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Two Remarkable New Restaurants From Alain Ducasse

Adour and Benoit, the chef's latest ventures, give New Yorkers a taste of contemporary, and traditional, Paris.

The wine bar at Adour, Alain Ducasse's new restaurant at the St. Regis Hotel, in New York.
Courtesy Eric Laignel/The St. Regis New York
By Sari Lehrer

Since his Monaco restaurant Le Louis XV was awarded three Michelin stars, in 1990, Alain Ducasse has become practically an international franchise. His empire reaches from Hong Kong to London, with stops in such places as Mauritius and Tokyo in between.

But Ducasse's latest ventures, Adour and Benoit, are noteworthy because they have brought him back to New York. (His 2000 Manhattan debut, Alain Ducasse at the Essex House, was roundly mocked for its over-the-top decadence.) Each occupies a storied space: the St. Regis hotel for Adour, and for Benoit, the former home of La Côte Basque (the legendary high-society commissary immortalized in Truman Capote's final novel, Answered Prayers). The two are remarkable for their expertly prepared cuisine and their unpretentious charm.

At Adour (2 E. 55th St.; 212-710-2277; adour-stregis.com), the food is refined, contemporary French — think butter-poached lobster, duck breast au sautoir — and emphasizes seasonal ingredients. (In winter, the lobster is accompanied by Swiss chard fondant; in spring, sweet peas.) Equally significant is the 500-plus-bottle wine list, which figures not only in Ducasse's menu — thoughtful pairings are paramount — but also in David Rockwell's design. The room is a study in shades of burgundy and chardonnay, and the accent lights resemble grapes; taken together, these elements produce the same fuzzy good feeling as would a 2002 Château Smith Haut Lafitte Blanc.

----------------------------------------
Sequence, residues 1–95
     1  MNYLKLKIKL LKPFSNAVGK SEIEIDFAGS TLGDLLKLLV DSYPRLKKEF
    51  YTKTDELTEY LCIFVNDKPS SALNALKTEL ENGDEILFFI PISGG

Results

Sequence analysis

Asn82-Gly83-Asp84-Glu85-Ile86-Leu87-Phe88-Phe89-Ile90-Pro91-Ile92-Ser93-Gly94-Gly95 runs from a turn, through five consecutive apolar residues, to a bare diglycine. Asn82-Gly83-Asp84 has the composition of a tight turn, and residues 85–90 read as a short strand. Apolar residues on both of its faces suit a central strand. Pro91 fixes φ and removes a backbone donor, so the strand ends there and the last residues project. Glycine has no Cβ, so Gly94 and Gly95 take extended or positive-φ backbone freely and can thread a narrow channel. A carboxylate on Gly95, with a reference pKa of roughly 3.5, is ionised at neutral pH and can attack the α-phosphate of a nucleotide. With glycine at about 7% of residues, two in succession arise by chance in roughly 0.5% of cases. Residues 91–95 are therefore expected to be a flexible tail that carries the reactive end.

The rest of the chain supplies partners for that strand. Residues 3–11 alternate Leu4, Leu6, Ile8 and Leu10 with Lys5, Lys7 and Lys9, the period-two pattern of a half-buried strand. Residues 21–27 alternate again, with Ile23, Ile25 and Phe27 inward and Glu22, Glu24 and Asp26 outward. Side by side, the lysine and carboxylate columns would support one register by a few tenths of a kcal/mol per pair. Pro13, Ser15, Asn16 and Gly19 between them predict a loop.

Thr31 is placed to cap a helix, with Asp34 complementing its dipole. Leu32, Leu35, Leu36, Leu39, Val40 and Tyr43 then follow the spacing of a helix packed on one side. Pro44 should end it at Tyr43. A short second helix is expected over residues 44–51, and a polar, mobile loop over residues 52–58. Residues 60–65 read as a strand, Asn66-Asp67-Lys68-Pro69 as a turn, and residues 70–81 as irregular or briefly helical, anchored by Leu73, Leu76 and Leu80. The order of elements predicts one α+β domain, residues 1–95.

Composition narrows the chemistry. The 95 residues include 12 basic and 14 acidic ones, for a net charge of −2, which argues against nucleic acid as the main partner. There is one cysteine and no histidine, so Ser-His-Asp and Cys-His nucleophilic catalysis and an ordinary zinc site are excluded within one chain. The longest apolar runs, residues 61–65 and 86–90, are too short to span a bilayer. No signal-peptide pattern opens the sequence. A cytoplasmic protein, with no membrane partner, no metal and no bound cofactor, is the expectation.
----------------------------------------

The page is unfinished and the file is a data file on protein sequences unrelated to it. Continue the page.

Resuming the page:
Conviviality is chief among the virtues of Benoit (60 W. 55th St.; 646-943-7373; benoitny.com). Inspired by the 1912 Paris bistro of the same name (Ducasse acquired the original in 2005), it is the kind of place where you can idle over a perfect cup of coffee at an antique pub table or sidle onto a velvet banquette for a garlic-roasted chicken. Dishes are drawn from a century's worth of Benoit recipes; decades-old photographs of La Côte Basque patrons adorn the walls. But this evocation of a Left Bank bistro smack in the center of New York still feels fresh.

Clearly, there are second acts in American life. Just ask chef Ducasse.

Click here for more on Ducasse's Le Jules Verne, in the Eiffel Tower.

Published on 8/20/2008
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